We may be one of the first companies ever to connect the new “Adobe Experience Manager as a Cloud Service” (AEMaaCS) to Adobe InDesign Server. Here is a basic example:
This video demonstrates how you can combine AEMaaCS with our Silicon Designer technology (based on Adobe InDesign Server) to let users easily create template-based documents and images through a highly customizable user interface.
Bridging two Adobe technologies
This is just one of many possible solutions, given that we expose the entirety of InDesign Server’s wonderful extensibility to Adobe’s state-of-the-art Digital Asset Management (DAM) solution. Our new integration allows for any type of InDesign Server application. These range from database publishing, to document editing, to workflow automation (using the new AEMaaCS as a powerful back end), to managing workflow and document/content storage.
We’ve delivered similar integrations with previous versions of AEM (even as far back as the days of Day CQ 5.3), yet the latest AEM is brutally cloud-centric, and poses unique challenges. InDesign Server is a very mature product whose roots extend to a time before servers, let alone cloud. While I’m sure there is a cloud future for IDS, it is not here yet: our company, Silicon Publishing, has built “wrapper” technology to cloud-enable the unrivaled document generation capability of this product.
Adobe Experience Manager, re-invented for true cloud scalability
We watched as Adobe engineers in the AEM group embraced “serverless” before anyone else had heard of the term, so we were expecting something of a bold move forward with AEM. And here it is!
Yet when we started working with the new, radically different flavor of AEM, we weren’t really sure how well things would go. This had much in common with our previous integrations, but a few things were profoundly different.
Solving the integration challenges of serverless architecture
The primary challenge was that InDesign Server is not available in the same cloud as AEM, given the new AEM architecture. Beyond that, the cloud version of AEM requires adherence to a number of modern design patterns, some of which are just taking shape.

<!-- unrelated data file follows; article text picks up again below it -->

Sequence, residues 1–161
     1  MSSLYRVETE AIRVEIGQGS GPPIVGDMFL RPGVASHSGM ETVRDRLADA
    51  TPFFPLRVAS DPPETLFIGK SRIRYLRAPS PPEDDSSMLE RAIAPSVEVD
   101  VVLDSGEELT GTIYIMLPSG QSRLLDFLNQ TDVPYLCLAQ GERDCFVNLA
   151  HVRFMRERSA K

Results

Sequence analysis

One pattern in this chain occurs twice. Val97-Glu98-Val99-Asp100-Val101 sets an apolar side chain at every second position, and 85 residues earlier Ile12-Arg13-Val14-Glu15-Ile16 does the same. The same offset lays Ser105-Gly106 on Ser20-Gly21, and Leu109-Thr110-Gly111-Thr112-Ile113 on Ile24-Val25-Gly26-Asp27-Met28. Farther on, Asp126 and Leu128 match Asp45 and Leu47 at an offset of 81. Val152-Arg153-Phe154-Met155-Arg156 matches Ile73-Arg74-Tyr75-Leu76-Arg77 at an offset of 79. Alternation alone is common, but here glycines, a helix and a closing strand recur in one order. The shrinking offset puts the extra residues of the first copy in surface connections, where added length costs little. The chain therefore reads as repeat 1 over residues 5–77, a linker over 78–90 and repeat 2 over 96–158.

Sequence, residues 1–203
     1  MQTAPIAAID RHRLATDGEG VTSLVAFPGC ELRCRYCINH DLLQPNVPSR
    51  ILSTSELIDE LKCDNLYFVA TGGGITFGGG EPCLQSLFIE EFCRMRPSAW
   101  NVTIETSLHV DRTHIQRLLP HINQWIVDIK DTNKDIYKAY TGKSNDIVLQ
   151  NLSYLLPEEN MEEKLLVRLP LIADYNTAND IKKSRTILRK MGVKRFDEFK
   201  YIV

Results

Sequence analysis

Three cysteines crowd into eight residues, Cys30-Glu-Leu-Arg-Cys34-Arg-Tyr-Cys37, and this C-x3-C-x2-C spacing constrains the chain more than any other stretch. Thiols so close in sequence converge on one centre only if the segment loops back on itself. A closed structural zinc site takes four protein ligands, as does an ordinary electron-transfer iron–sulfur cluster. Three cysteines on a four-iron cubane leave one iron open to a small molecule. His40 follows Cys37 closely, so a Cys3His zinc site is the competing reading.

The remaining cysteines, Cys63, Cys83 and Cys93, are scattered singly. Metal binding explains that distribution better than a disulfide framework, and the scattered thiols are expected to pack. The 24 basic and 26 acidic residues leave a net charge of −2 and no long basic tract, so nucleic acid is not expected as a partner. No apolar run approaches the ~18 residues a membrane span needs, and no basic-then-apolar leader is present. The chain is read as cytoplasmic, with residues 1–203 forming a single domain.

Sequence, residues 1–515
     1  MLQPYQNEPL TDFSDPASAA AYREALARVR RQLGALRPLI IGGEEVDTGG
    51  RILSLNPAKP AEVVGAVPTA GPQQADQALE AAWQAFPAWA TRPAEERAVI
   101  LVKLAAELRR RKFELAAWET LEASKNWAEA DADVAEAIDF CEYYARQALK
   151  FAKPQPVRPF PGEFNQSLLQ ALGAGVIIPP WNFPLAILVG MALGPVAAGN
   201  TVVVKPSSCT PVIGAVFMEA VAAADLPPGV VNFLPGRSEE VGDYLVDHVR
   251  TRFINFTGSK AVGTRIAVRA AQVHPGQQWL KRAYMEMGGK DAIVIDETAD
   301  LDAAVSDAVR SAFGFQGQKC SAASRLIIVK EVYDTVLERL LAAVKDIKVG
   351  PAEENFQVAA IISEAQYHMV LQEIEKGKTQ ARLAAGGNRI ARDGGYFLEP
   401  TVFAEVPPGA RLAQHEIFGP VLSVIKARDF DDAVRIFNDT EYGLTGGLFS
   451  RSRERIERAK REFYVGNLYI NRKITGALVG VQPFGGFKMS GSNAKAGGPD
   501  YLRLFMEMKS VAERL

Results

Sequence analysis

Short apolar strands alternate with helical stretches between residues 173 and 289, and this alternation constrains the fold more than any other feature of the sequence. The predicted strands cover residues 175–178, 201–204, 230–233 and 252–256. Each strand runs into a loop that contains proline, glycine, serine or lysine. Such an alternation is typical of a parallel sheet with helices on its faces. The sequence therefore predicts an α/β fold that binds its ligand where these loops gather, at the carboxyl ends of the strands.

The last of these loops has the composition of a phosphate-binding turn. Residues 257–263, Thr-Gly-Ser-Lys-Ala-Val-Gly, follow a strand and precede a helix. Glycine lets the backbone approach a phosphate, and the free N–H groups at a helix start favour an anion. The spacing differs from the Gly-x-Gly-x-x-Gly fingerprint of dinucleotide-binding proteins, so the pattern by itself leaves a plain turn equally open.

The solution, which we now believe we’ve validated, is to extend AEMaaCS, talking with InDesign Server in its own distinct cloud (this currently will reside in Adobe Managed Services). We have a functional integration that works great as a prototype, and we’re working out the details to ensure an architecture compliant with Adobe’s new guidelines for interfacing with AEMaaCS.
A major evolution from early DAM/IDS integration
It really is a joy to play with this new technology from Adobe, and we’re grateful to them for exposing us to this early on, and assisting in extending it.
We are also deeply appreciative of our resident wizard Dorian Smiley, along with Adam Twede and Iudex Technologies, for their brilliant work in assimilating this new (and still-evolving) platform to support an interface with InDesign Server.
In our 20 years with InDesign, and 10+ years with AEM, there have often been blockers to doing things the “pure cloud” way, resulting in less-than-perfect solutions. Impracticalities based on bandwidth and processing power, failures of web standards, and the idiosyncrasies of proprietary technologies as well as effective “cloud-based content management” have required intense work and have too often meant limiting functionality in order to remain pragmatic.
Yet technology moves forward, and we move with it. In our brief experience with AEM as a Cloud Service, we’re optimistic that the core Adobe platform is moving in the right direction.
Are you using InDesign and considering AEM as a Cloud Service? We’re happy to meet to discuss the best way to support your InDesign assets in the cloud.